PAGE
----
CONTINENTAL RIFF by Isabel Rogers (Farrago)
This is where we lighten up! I’m not keeping pace with the antics of the amateur Stockwell Park Orchestra having missed the second in the trilogy but where the latest is concerned, I can’t improve on my original assessment of ‘a retro brand of humour bordering on farce’. They’re at it again, this time on a post referendum but pre-Brexit tour of European cities (good timing or they probably wouldn’t have made it past Kent). The Brexit theme itself feels almost retro at this point – we have no doubt where the author stands on this – but it’s an effective driver of the story. I was enticed by the idea of going anywhere, although being a temperamental writer would not equip me to deal with some of these characters. What I like most about this series is the way it inspires the not very musical reader to seek out classical music; barely read twenty pages in, I was listening to Bruckner’s Seventh Symphony.
Where do you stand on dark books and subjects? Have you read any of these? I’d love to hear your thoughts.
I wrote recently about poems which tackle difficult or upsetting topics and this is similar. I think it’s generally okay to make and enjoy art/literature about tough subjects. It gives us a safer space in which to engage with them.
Reading Room, for example, was for me a completely different experience to watching or reading news reports about abduction victims and kidnap survivors. The book imagines the victims as complex individuals whose unusual circumstances are more than a “true crime” story or victim-blaming “cautionary tale”.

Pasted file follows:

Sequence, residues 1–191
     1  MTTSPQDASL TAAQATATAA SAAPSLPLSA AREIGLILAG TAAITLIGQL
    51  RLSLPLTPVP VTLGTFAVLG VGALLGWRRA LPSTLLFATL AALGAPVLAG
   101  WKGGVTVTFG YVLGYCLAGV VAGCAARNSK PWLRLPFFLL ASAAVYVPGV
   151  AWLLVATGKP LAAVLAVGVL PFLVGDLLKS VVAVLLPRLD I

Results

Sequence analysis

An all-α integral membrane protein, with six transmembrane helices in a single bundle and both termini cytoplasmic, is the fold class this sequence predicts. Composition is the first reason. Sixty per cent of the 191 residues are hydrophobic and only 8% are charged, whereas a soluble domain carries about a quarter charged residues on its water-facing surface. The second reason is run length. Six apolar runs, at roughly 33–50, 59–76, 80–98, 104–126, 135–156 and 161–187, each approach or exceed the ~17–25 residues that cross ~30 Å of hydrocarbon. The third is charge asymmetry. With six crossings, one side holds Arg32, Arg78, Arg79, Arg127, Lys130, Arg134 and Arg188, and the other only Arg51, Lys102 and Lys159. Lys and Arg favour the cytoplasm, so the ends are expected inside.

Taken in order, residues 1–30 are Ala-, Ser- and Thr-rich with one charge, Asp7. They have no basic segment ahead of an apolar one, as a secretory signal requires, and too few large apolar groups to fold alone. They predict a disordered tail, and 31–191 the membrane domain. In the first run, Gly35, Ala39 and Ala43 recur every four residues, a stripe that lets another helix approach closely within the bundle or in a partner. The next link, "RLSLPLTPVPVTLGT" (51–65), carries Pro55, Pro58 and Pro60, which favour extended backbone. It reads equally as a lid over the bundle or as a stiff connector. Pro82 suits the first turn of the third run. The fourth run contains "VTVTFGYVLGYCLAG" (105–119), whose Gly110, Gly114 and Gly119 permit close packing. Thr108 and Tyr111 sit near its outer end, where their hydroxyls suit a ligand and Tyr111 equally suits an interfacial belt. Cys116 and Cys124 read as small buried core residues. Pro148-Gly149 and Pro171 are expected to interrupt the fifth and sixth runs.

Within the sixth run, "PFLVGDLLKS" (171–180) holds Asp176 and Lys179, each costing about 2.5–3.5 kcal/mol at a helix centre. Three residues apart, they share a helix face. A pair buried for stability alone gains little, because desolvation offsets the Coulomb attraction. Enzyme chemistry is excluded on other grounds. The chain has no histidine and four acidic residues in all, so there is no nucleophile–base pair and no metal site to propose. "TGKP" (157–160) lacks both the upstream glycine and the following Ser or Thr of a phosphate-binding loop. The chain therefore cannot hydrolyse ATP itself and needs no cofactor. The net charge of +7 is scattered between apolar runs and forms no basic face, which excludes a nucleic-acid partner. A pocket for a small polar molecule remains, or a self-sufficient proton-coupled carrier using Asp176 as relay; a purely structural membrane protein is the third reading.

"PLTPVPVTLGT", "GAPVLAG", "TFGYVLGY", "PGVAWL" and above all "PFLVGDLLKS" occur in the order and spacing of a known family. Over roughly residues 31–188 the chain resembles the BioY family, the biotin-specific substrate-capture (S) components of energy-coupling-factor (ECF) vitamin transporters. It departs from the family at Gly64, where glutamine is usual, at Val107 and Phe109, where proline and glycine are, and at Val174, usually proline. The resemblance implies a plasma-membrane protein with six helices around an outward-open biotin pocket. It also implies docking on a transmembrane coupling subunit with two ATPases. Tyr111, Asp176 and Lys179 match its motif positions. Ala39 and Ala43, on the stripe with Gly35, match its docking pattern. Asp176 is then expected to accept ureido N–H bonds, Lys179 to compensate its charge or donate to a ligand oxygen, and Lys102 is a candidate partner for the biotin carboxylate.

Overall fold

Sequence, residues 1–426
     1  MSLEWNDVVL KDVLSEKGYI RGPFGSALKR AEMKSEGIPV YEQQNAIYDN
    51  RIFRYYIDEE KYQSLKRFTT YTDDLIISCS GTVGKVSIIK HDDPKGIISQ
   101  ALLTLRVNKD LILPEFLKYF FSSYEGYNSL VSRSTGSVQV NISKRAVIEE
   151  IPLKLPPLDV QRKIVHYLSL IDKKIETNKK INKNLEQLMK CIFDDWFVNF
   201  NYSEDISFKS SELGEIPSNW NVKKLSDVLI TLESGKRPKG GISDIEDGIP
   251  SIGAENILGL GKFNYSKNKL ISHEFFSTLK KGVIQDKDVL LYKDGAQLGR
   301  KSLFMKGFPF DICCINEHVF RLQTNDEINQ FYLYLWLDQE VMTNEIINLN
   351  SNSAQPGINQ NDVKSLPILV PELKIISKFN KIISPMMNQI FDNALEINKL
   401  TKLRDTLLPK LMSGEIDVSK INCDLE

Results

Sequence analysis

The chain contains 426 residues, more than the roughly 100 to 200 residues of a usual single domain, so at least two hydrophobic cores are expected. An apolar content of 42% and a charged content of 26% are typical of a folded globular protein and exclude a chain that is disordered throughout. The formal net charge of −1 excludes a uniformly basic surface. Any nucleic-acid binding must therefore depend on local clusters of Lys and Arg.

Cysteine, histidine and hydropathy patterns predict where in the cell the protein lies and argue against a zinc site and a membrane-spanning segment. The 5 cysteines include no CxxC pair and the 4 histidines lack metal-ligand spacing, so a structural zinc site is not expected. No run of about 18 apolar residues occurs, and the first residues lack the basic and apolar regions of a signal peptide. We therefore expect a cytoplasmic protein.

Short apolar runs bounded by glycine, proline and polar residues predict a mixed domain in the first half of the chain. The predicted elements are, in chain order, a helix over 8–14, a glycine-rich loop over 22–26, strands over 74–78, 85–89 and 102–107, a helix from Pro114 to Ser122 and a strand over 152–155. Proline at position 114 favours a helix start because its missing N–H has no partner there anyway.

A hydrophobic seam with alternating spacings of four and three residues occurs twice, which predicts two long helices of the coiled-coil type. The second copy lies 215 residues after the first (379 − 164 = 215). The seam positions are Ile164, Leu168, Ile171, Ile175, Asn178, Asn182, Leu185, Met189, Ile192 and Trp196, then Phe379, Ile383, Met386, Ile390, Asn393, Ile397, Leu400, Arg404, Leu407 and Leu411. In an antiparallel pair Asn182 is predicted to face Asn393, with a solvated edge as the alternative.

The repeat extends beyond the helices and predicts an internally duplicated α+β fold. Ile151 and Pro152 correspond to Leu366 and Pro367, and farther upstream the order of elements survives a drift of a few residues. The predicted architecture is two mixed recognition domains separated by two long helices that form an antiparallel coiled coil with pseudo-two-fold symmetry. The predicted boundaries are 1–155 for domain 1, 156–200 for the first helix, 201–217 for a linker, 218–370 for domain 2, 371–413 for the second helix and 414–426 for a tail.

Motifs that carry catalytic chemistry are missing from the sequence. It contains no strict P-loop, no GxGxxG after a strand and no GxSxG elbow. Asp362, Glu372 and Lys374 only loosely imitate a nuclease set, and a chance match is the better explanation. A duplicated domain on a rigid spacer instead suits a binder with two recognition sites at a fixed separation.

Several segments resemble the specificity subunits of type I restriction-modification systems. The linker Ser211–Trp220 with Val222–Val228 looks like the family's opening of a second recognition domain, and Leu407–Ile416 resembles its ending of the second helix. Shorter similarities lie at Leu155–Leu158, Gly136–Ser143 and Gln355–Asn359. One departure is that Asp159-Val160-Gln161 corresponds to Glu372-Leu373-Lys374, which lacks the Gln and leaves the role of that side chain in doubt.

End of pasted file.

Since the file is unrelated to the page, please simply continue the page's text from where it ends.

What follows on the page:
Shuggie Bain is on my list – I’ve not read enough fiction about Glasgow – but I’ll bear in mind what you’ve mentioned about voyeurism and perhaps sandwich it between some more uplifting books. Thanks for sharing.
Hi Isobel, I really appreciated your perceptive comment and am so sorry I didn’t get around to replying at the time. Must try to dig out your piece as that would really interest me – I’m reading a lot more poetry these days.
Here’s the link: https://writingverbaboutwritingnoun.wordpress.com/2021/01/30/against-apathy-trying-not-to-look-away-from-a-broken-world/
Glad you found my comment encouraging – these little fragments of connection mean all the more in (ahem) the present circumstances, I find!
Will have to read Shuggie Bain now. I agree with you re Girl A – it’s not a psychological thriller at all but more like family noir.
Is The Push not on your list yet? It’s already in my top ten for this year. Also Lullaby Beach, due to be published tomorrow, is very good.
I really enjoyed The Perfect World of Miwako Sumida, particularly the characters and the dynamic between them. I read a lot of Japanese literature in translation, and although this was written in English and the author isn’t Japanese, it felt culturally authentic. And Shuggie Bain – heartbreaking, compelling, brutal and hopeful. I couldn’t put it down.
Shuggie Bain was my favourite read of 2020 with characters I really cared about and found engaging.
Shuggie Bain is sublime. The voice, the characters, the language. What struck me was the abundance of similes Stuart employs. They were so fresh and apt. I was bowled over by this book. It reminded me of Milkman —another superb Booker winner — in its dealings with sectarianism.